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The New Zealand Railways Magazine, Volume 9, Issue 1 (April 2, 1934.)


Mr. R. S. Odell, in a treatise on the well-known Arthur Pass National Park in the Southern Alps, has done some very creditable research work in tracing the names of many of the features to their sources. Here is a selection from the very interesting chronicle:—

The Torlesse Range as seen from Springfield, South Island, New Zealand. (Photo, J. D. Pascoe.)

The Torlesse Range as seen from Springfield, South Island, New Zealand.
(Photo, J. D. Pascoe.)

When the gold rush to the West Coast began in 1863, and the need became apparent for better communication across the mountain range than the Teramakau Saddle offered, the Canterbury Provincial Government set its surveyors to find the passes which led from the Canterbury valleys to those of the West Coast. The valleys of the Waimakariri tributaries promised best, but Mr. T. Cass, Chief Surveyor, writing to the Provincial Secretary on 27th March, 1863, said:—“I have personally very little doubt on the subject as I have frequently questioned Maoris, and they have invariably answered that there was no pass in that direction. Had such been known to their ancestors when the country was more thickly populated the fact would have been handed down to the present generation among their other traditions.”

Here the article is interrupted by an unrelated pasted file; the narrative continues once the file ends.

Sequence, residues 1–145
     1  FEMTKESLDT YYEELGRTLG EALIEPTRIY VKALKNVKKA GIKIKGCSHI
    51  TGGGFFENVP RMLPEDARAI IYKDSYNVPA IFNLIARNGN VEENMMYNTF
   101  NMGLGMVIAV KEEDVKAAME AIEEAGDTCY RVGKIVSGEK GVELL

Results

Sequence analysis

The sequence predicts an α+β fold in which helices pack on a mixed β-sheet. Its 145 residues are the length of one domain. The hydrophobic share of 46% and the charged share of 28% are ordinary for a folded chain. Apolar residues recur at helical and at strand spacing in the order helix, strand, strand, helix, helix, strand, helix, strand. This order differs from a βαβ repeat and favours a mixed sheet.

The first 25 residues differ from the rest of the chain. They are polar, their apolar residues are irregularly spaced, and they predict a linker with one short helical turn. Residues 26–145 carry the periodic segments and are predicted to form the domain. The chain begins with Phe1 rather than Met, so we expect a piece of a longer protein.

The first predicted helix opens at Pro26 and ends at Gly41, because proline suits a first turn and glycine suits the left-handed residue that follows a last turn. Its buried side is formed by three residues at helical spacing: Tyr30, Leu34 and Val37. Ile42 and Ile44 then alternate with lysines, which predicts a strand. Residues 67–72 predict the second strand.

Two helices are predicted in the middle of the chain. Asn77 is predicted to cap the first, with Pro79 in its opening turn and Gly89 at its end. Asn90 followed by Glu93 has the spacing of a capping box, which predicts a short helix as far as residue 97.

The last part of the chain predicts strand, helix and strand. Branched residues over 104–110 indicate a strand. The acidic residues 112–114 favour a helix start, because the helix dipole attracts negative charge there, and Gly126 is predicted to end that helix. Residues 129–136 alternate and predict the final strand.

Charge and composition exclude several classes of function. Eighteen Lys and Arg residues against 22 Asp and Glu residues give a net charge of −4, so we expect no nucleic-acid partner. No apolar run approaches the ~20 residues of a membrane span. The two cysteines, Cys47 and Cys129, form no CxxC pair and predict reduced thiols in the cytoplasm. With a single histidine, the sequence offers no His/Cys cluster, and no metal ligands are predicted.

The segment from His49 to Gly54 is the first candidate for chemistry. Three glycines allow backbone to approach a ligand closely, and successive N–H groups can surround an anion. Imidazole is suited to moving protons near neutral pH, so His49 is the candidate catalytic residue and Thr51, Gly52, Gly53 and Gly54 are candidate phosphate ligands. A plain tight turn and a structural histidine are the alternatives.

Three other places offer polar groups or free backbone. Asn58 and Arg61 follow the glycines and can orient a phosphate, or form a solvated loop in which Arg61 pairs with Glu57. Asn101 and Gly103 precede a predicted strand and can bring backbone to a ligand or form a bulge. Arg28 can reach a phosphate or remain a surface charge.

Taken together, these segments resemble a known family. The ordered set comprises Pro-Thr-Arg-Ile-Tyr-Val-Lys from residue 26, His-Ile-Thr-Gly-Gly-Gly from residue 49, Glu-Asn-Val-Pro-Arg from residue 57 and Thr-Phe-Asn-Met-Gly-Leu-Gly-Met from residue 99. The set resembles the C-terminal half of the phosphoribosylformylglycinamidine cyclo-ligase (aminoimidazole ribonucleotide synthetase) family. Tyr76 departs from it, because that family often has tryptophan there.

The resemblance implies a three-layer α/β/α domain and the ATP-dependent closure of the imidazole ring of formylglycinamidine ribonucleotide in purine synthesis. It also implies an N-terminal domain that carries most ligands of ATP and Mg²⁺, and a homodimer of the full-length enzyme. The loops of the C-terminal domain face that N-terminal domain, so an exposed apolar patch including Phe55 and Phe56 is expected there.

This letter is surprising, for the pass at the head of the Otira was certainly known to the Maoris. The chief, Tarapuhi, who was paramount on the West Coast, made several trips across the island (via the Teramakau Saddle) and he knew about this pass, for he told Leonard Harper about it in 1857, and that gentleman was only prevented from exploring it by bad weather and lack of food. Tarapuhi also described the pass to Arthur Dobson, for when the latter discovered it, in 1864, he recognised it as the one described by Tarapuhi.

Even before this, in 1848, the West Coast Maoris told Thomas Brunner about a pass into the Waimakariri, and from this information Brunner indicated it on his map. But it was a long time since any Maoris had crossed this pass, the way over the Teramakau Saddle was so much easier. Tarapuhi told Leonard Harper that not during his lifetime had the pass been crossed.

In 1928 the Honorary Geographic Advisory Board determined that the name for the National Park should be Arthur Pass National Park. This was in pursuance of a policy of refraining from using possessive endings in place names. The action met with some criticism from the people of Canterbury, who felt that the honour due to Sir Arthur was being in some way lessened, and perhaps some resentment that existing names could be changed so arbitarily. This latter sentiment, however, is due to a misapprehension, for no existing name was changed. A territory was given a name for the first time. The Pass, the Township, and the Railway Station, are still Arthur's.